Here's the full summary of the LGBTIQ Plebiscite Survey.
The survey commenced at 4pm Thursday 21 July 2016 and closed midnight (23:59pm) Thursday 28 July 2016. In order to ensure participants were recruited from the widest cross-section of the LGBTIQ community possible, a number of different recruitment strategies were employed. Content First, an Australian professional marketing strategy company, was contracted to advertise the survey on Facebook, targeting LGBTIQ Australians from all age groups, states and territories. As not all individuals engage on Facebook, the survey was also advertised in the three largest LGBTIQ news and magazine websites: The Gay News Network, LOTL Magazine, and Same Same. To ensure we reached an even broader section of the community, emails advertising the survey were sent to LGBTIQ religious groups, sporting clubs, business networks, parenting groups and social clubs. This multi-mode recruitment strategy and the resulting demographic distribution of the 5, 463 participants indicates the responses are representative of a broad cross-section of the Australian LGBTIQ community.
Participants were first asked whether they supported or opposed a plebiscite on marriage equality in this country. Results based on 5,463 participants showed:
- 84.7% opposed a plebiscite (of which 71.5% strongly opposed it)
- 9.9% supported a plebiscite (of which 6.5% strongly supported it)
- 5.4% were undecided. – See Figure 4
A large majority opposing a plebiscite was consistent across gender, age group, and residence.
- 86.7% of men and 82.7% of women were opposed
- In states and territories, the numbers opposed ranged from 79.4% (WA) to 90.3% (TAS)
- In terms of age group, those opposed ranged from 72.4% (18-24) to 91.2% (65+).
Participants were then informed that plebiscites are not binding on Parliament. This was followed by a question on their preference for a plebiscite or a vote by politicians in Parliament.
- 89.1% supported a vote by politicians in Parliament, with no plebiscite
- 7.7% supported a plebiscite
- 3.2% were undecided – See Figure 5
The increase from 84.7% (before being informed that a plebiscite is not binding in Parliament) to 89.1% after being informed, suggest most participants were already well informed about this matter.
[A separate subsample, constituting 8.6% of the overall sample, while still wanting marriage equality, did not want a plebiscite or a vote in Parliament. Based on responses provided at the end of the survey, many were under the impression marriage equality could be legalised without a vote in Parliament by means of the Courts (e.g. through a Bill of Rights) or through the Prime Minister simply signing it into law. As neither of these options is possible in Australia, this group is presented as a separate subsample for all questions except the first question on whether they supported or opposed a plebiscite – see Figures 5-8 for details].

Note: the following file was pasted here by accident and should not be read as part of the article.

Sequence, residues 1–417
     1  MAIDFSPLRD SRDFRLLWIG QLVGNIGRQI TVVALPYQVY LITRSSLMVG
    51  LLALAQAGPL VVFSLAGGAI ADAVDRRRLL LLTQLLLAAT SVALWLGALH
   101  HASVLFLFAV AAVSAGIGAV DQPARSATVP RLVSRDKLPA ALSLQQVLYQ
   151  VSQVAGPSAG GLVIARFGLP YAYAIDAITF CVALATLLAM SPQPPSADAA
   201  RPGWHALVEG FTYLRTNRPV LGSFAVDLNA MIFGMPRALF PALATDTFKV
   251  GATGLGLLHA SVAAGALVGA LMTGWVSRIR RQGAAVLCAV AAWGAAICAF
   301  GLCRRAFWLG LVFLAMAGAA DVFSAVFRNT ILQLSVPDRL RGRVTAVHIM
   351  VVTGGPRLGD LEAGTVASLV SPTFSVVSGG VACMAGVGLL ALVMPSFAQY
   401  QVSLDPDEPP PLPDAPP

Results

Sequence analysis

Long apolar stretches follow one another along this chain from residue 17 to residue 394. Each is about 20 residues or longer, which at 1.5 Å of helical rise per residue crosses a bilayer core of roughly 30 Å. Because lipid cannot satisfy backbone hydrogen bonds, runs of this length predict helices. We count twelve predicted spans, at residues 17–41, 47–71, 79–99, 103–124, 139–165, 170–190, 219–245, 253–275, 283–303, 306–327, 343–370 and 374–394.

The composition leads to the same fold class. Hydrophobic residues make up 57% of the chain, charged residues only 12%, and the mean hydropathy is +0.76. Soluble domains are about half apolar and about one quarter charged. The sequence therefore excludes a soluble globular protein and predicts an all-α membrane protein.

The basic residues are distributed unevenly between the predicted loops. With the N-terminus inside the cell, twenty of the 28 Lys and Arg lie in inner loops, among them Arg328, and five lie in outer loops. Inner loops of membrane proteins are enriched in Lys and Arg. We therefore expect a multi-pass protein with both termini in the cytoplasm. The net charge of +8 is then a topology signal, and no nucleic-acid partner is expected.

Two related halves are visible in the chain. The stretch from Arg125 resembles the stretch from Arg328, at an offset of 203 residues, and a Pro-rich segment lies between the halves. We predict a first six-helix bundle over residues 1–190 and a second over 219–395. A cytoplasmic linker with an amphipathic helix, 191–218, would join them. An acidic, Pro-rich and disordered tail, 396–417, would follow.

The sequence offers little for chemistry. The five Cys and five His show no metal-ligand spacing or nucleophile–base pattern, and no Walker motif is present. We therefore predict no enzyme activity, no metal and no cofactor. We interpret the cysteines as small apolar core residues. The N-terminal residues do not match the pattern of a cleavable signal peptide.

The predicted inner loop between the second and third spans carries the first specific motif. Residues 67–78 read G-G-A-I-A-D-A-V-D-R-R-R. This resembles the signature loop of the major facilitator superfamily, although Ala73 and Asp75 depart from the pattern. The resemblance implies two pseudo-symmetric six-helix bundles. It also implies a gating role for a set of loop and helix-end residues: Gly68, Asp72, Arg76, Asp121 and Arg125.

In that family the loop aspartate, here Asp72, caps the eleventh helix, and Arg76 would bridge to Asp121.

When asked about their preference if the Government was to refuse to allow a vote in Parliament, without holding a plebiscite first:
- 57.8% reported that they would rather wait until marriage equality can be voted on in Parliament, without the need to hold a plebiscite first
- 29.7% stated that they would prefer to conduct a plebiscite as soon as possible
- 12.5% reported they were undecided – See Figure 6
Participants were also asked about their preference if the plebiscite was to be worded fairly and had a good chance of returning a positive vote for marriage equality, despite a negative campaign by those opposed. In this case:
- 62.6% reported that they would still rather wait until marriage equality can be voted on in Parliament, without the need to hold a plebiscite first
- 28.8% stated that they would prefer to conduct a plebiscite as soon as possible
- 8.6% reported they were undecided – See Figure 7
When asked what they would like advocacy groups to focus on in the quest for marriage equality in Australia:
- 78.3% wanted advocacy groups to work to stop a plebiscite and instead work for a successful vote by politicians in Parliament (of this group the majority wanted advocacy groups to stop the plebiscite as a priority).
- 15.90% wanted advocacy groups to work on a “Yes” campaign for a plebiscite
- 5.84% reported they were undecided – See Figure 8
A large majority of LGBTIQ adult Australians taking part in the survey were strongly opposed to a plebiscite. Even when ask to consider a plebiscite that was likely to succeed in returning a positive vote, or consider it as the only option provided by the current Government, the majority reported they would prefer to wait until it could be voted on in Parliament. In fact, the large majority wanted advocacy groups to focus on stopping a plebiscite, and in most cases as a priority. Based on clarification provided by participants at the end of the survey, this strong opposition to a plebiscite appears to mainly be due to 1) the perceived inappropriateness of conducting a popular vote over the rights of a minority group and 2) the anxiety associated with being exposed to a plebiscite media campaign of those opposed to marriage equality in this country.
The full report is available here.